MLB Lockout, Baseball Cards, And Heroes Of Player’s Union
Major League Baseball Is Broken. Shall We Count The Ways?
The most obvious is the current owner-imposed lockout. The debate between franchise owners and the players union boils down to this.
Owners want to make more money, and players want more fairness - both for the players and the game itself.
The owners want permission to advertise on players’ jerseys, and they want to expand the playoffs.
The players union hopes to address a decline in the player salaries, despite big increases in broadcast revenue for owners.
The median player salary is $1.2 million, and the MLB minimum salary is $570,000.
Baseball Cards Of The Players That Shaped Toni Stone’s Career
In a previous article, I wrote about Toni Stone, the first female MLB player.
Stone played in the Negro Leagues with the Indianapolis Clowns in 1953, and the Kansas City Monarchs in 1954.
Here, I will dive deeper into her story, exploring how she reached her lifelong goal of playing professional baseball at the highest level.
Along the way, I will identify some of the famous ballplayers who lent her a hand.
Much of the information I present here comes from the excellent biography of Toni Stone, “Curveball: The Remarkable Story of Toni Stone”, by Martha Ackmann.
I’d encourage those interested in Toni Stone’s story to give it a read!
Celebrating The First Female MLB Player (Toni Stone Baseball Cards)
Not one but three women have played Major League Baseball.
I was a baseball fanatic as a kid. I obsessed over my favorite team, the Boston Red Sox.
I attended countless games at Fenway, collected baseball cards, and sought their autographs.
The Ken Burns Baseball VHS box set provided my baseball history lessons.
And yet I was unaware of the three women who integrated a professional sports league.
Three amazing women who would later compete with their male counterparts on an equal playing field.
So, how could this enormous accomplishment not be a more recognized part of baseball history?
In this article, I seek to explore answers to these questions. I also discuss the limited number of baseball cards representing these amazing women.
Integration, Baseball Cards & The 1948 World Series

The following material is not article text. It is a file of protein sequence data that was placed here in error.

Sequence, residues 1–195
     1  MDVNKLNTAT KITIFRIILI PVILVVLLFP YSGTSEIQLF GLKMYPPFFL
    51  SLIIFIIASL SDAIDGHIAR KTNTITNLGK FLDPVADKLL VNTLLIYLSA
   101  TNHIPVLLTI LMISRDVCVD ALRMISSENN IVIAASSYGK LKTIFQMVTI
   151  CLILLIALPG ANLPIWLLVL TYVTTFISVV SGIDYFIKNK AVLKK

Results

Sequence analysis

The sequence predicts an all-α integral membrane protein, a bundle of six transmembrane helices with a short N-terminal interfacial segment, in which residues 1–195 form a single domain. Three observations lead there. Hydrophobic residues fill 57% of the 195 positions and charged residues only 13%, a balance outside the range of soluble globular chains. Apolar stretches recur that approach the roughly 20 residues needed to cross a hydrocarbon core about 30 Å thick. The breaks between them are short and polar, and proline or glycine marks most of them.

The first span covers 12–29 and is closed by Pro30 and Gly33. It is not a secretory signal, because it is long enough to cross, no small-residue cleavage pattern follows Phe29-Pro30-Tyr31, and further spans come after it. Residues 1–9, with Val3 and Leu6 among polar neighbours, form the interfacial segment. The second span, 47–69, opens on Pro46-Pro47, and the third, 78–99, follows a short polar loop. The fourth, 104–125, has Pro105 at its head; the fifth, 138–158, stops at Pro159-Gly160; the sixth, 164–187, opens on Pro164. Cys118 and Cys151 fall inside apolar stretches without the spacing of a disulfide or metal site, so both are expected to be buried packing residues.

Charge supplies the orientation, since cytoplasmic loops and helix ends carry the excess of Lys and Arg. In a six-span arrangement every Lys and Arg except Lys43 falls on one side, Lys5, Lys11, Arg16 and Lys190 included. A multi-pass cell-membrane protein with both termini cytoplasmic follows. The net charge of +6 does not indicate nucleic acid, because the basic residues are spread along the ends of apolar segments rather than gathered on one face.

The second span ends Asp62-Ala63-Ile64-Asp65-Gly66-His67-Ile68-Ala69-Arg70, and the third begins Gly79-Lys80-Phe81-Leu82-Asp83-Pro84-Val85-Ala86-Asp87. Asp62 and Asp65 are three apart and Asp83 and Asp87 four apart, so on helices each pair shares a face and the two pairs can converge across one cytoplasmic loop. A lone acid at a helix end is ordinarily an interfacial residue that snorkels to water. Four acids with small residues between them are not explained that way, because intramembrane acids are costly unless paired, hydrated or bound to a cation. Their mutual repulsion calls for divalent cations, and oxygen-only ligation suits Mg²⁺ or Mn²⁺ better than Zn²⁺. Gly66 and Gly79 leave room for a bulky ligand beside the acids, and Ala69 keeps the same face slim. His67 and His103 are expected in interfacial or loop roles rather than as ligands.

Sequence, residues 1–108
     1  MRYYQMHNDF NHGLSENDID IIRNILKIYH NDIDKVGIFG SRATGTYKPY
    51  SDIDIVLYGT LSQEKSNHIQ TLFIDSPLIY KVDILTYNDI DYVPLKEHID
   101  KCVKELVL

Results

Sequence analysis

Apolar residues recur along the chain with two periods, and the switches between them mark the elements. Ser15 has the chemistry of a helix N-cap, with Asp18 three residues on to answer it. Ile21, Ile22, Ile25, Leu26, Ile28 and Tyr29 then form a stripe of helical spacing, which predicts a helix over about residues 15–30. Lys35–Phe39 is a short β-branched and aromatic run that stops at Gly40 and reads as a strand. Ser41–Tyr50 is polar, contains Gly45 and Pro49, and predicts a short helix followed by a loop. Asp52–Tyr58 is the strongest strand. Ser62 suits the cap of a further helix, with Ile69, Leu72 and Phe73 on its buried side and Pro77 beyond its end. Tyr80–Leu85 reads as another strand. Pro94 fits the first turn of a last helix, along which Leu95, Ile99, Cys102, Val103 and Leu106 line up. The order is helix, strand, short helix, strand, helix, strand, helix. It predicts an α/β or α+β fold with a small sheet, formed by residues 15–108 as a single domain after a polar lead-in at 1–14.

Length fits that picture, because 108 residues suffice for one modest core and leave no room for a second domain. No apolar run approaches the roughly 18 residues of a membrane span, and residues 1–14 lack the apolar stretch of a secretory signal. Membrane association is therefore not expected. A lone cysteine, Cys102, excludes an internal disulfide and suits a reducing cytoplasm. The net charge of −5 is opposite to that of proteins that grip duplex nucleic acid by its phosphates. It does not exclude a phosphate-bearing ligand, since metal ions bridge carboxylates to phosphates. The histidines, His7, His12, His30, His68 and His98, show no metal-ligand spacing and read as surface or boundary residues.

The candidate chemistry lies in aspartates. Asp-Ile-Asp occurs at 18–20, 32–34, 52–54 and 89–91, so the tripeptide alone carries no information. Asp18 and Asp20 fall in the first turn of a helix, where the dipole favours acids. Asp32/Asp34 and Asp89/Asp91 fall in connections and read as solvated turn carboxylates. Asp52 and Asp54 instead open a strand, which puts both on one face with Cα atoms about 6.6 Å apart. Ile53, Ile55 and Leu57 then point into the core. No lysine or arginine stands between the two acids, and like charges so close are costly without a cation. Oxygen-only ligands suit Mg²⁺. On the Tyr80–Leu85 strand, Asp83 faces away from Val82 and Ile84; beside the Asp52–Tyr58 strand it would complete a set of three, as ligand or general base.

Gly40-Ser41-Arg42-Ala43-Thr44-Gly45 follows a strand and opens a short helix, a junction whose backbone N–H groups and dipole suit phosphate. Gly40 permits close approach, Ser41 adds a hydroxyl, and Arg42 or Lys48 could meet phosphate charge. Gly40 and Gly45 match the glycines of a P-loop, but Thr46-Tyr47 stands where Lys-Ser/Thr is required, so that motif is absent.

Major League Baseball was in the throes of integration during the 1948 season. Throughout the 1947 season, all eyes were on Jackie Robinson and the Brooklyn Dodgers.
After Robinson’s standout performance took the Dodgers to the World Series that year, many sportswriters and pundits predicted that there would be a flood of black players into the league.
This did not come to pass, as most white team owners and many white players continued to harbor racist beliefs and attitudes.
While not a flood, there was a trickle of black players entering the league. Although the vast majority of the attention in 1947 went to Jackie Robinson and the Dodgers, the Cleveland Indians also integrated their team that same year.
But while Robinson excelled in his first season with the Dodgers, Larry Doby struggled at the plate and didn’t get the playing time to prove himself adequately.
Despite being partially attributable to poor management, Doby’s disappointing performance provided fuel for racist detractors of baseball’s integration.
HOF Cards From The Forgotten Yankees & Athletics Rivalry
A History of Basketball Cards
While we already covered the history of baseball cards, we deemed it about time to delve into the world of basketball cards.
The history of basketball cards is quite interesting; notably the first official set wasn’t issued until 1948 by Bowman, even though the first professional league (the National Basketball League) was formed in 1898.
Thus, the path for basketball cards has gone down a bit of a different path versus baseball cards. Basketball didn’t really become a household sport until the late 1940’s even thought it was quite popular at American colleges.
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A History Of Baseball Cards
I’ve been collecting cards for over thirty years now. Until recently I wasn’t really interested in learning about the history of baseball cards.
When I started back in the 80’s, I was more focused on collecting cards of the guys that I watched. Rookie cards of Cal Ripken Jr., Wade Boggs, Eric Davis, Andre Dawson, and Eddie Murray were more my speed.
Sure, I knew of the all-time greats such as Ruth, Gehrig, Mantle, Robinson, et al, but it didn’t interest me as much as my own heroes.
But as the years moved on, I slowly got this itching desire to learn more about the early days of baseball history and the associated trading cards.
Thus I embarked on a fact-finding mission; to learn as much as humanly possible about where baseball cards got their start.
I consider this a living, breathing document, so if I have anything wrong–please let me know (I’ll fix it!) I would also love to hear any stories you might have regarding early baseball cards. Feel free to share your story in the comments section below!